I thought you might like to hear about what life is like after the angst and stress of waiting for the visa (143) and the dreaded AOS!
We have now been here, in Oz for the best part of 10 weeks
I spent the first week in a slightly delirious jet-lagged fog. Daughters met us at the airport with big smiles, flowers and balloons. I had always thought that at this point I would burst into tears with relief and pent-up emotion. But I didn’t – far too embarrassing!
Once we got back to daughter’s apartment and had had some breakfast (we landed at 6 a.m) she whisked us off to Coogee Beach to paddle in the ocean. Apparently, it helps to ‘ground’ you and alleviate jet-lag. It was lovely, if freezing . . . but didn’t work!
Her apartment is minutes away and the views are stunning – but it takes a cool $1½ million to buy a two bedroom (fairly basic apartment here) and the rents reflect that. D2 had booked the day off, as it was a Friday, but D1 had to go in to work. We spent the rest of the day unpacking and trying to stay awake!
It is only just beginning to percolate through that we are here for good and not just a nice long holiday. In those first couple of weeks we did some touristy stuff: the cliff walk from Coogee to Bondi, the art galleries, the walk round the harbour and Circular Quays – always stunning and great for people watching. However, we did spend a good deal of time doing ‘paperwork’ – going into government offices to apply for driving licences, Medicare cards (health) and, for me, a Working with Children (Disclosure and Barring) certificate. Just in case I manage to get some work. I have applied for a Senior’s card which will enable me to apply for a Gold Opal Card - a pre-paid travel card This Gold Opal will allow me travel over most of NSW for only $2.50 a day! The perks of being old? Partner has spent ages looking for work and we have also spent a good deal of time on our laptops looking for a car. Daughters have been generous in offering us the use of theirs – but we needed one and managed eventually to get one just under budget.
We had no sooner arrived - it felt to me - than we were preparing to leave to move into our ‘borrowed’ accommodation (we are ‘house-sitting’ daughter’s manager’s house, which is going to be re-built) We have been here a week and our new ‘pad’ is rather nice and it will be a bit of a wrench to leave it after Christmas to look for something we can afford! It is an area of large detached architect-designed houses (there are a lot of them around in Sydney) I suppose our house is a bit old-fashioned, but it is roomy, has a large terrace, a tiered garden, a huge ‘rumpus’ area (whatever that is?) and a pool. So, I suppose can put up with the fact that there is only one socket per room . . . . . .. . .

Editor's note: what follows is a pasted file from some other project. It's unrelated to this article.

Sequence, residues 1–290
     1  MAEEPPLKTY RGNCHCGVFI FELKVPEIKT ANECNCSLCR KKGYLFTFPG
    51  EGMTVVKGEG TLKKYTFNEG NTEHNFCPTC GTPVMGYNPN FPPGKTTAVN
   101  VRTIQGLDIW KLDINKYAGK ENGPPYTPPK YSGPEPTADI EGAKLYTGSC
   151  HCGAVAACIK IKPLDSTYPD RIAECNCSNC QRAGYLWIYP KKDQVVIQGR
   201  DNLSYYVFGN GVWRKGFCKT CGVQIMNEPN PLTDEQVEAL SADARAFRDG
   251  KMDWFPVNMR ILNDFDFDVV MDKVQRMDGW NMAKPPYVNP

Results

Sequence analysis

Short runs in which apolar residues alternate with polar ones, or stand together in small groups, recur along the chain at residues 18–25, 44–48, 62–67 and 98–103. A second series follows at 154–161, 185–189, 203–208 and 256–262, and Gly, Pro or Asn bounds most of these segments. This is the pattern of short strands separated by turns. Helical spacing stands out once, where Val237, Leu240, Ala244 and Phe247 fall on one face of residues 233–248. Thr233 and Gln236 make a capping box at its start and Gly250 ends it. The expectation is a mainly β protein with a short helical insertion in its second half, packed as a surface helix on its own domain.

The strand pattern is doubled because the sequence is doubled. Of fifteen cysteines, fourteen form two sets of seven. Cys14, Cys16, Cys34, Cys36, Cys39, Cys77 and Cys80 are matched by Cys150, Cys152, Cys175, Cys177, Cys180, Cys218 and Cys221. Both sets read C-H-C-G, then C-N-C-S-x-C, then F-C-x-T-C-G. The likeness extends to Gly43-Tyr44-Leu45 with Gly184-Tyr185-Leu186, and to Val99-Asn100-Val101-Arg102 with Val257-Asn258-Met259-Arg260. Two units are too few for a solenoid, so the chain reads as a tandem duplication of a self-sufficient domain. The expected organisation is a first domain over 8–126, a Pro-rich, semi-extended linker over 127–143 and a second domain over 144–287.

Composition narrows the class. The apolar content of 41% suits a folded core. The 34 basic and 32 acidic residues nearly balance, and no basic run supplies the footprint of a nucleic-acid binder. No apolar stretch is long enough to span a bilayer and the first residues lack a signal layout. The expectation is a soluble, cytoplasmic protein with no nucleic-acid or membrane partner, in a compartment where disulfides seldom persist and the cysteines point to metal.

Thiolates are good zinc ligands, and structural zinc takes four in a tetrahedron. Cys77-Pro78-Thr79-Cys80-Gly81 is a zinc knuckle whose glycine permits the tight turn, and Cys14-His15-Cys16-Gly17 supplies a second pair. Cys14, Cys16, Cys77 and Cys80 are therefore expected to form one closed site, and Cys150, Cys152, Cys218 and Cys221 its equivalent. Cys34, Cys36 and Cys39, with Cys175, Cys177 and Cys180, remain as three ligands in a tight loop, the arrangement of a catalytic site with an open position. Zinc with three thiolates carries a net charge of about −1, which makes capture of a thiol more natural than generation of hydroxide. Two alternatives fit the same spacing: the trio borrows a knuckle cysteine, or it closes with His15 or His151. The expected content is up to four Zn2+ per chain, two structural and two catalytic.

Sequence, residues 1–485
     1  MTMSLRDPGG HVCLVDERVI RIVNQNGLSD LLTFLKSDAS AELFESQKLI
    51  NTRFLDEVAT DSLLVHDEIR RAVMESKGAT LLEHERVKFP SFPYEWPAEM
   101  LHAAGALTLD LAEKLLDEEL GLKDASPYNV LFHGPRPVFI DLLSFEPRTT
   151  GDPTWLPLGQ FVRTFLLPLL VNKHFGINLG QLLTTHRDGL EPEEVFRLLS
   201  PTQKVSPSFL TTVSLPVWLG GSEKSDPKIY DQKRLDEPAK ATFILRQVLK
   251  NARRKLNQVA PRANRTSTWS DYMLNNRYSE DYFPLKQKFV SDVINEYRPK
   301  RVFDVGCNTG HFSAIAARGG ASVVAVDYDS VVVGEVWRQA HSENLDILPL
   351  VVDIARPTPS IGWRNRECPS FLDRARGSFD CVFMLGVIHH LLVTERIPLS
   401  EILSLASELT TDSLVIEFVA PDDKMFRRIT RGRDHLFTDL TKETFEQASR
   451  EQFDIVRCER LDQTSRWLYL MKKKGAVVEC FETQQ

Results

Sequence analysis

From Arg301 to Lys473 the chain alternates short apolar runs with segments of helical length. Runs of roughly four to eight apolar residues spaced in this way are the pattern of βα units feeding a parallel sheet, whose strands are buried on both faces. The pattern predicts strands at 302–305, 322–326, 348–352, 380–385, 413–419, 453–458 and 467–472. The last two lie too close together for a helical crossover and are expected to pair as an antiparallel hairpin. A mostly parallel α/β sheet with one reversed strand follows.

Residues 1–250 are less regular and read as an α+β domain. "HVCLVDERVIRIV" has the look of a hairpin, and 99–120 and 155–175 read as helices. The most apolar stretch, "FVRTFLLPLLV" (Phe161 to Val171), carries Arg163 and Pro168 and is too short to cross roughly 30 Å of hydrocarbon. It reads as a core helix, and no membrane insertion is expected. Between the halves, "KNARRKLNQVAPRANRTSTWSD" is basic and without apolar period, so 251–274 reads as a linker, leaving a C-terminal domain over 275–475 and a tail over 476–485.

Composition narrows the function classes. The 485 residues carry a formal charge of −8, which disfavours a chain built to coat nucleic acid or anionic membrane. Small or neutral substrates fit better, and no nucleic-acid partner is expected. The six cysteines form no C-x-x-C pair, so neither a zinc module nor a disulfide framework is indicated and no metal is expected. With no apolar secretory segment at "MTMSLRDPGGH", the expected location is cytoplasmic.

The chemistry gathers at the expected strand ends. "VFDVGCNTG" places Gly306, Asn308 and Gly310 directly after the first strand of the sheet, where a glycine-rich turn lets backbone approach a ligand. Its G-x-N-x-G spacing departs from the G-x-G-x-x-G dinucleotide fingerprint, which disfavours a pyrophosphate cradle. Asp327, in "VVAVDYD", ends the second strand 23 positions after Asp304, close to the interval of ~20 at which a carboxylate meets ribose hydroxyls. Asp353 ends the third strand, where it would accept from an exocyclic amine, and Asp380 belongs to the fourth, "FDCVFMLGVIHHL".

The day after we moved into this house daughter 2 and I sat out on the terrace in the twilight when she got home from work, complete with gin and tonics. Paradise, we thought, until we realised it was also ‘complete’ with mosquitoes! This occasioned a trip to Bunnings (B&Q or ‘Bloke Heaven’) to arm ourselves with as many devices and repellents we could lay our hand on.
At the back of this house is a ‘reserve’ or park area which is a tiny bit of tropical forest. Every morning we awake to the sound of screeching lorikeets, cockatoos, ravens with calls like crying adenoidal children, and kookaburras that sound like fighting gibbons. Amazing – but bloody noisy! Not so much twitter, chirp, cheap, but SQUAWK! SCREAM! and ‘Kookaburra’ for “GET THE F**K OFF MY BRANCH!"
Sydney is huge! We had to drive to North Sydney last week to look at a car. It was amazing to think that this was all rain forest only 230 years ago. What have we done and continue to do to this world? And I am fully aware that we are just as culpable – just by being here. A sobering moment.
Of course, the whole point of this uprooting and expense has been to be with ‘ma girls’ and it has been fantastic. There have been some teething troubles, which I expected. It’s not easy for anyone to live with adult children, or them with us, and we have had to ‘get to know’ each other again. But so, so lovely to be close.
The car we have bought is an automatic and it has taken me longer than the average pensioner to get used to it! Keep wanting to change gear and don’t know what to do with my redundant left foot! To complicate things even further, the windscreen wipers and indicators are the reverse of what I was used to in my trusty old Yaris. I blame my mild dyslexia/dyspraxia! Although I have practised on the warren of streets that make up this estate – I have not yet ventured onto the main road. Primarily because the ‘main’ road is like a motorway with 3 lanes on each side. Lots of cars and gigantic lorries going very, very fast (or so it seems to me!).
It would appear that many bus drivers also want to become part of the race and fancy themselves as Formula One competitors. Got on a bus the other day and was greeted by a beaming – completely toothless – driver, who proceeded to hurtle down the road with South American Dance music throbbing from his cab. (Sydney is very multi-cultural.) Passengers NEVER get out of their seats before their stop. They just ring the bell and wait for the bus to come to a safe and complete standstill – especially if Billy Whizz is at the wheel!
My partner has now found a job (which was an essential element of our move – both financially and psychologically!) and the pay reflects the cost of living here.
People here and at home keep asking me how I feel about the move/transition, etc. Well, I miss my friends and family. I need to make some friends/contacts of my own age! I miss a decent Indian take-away – but the simple answer is – my kids are here and I don’t want to be anywhere else!
Hold on in there, everyone! It's worth it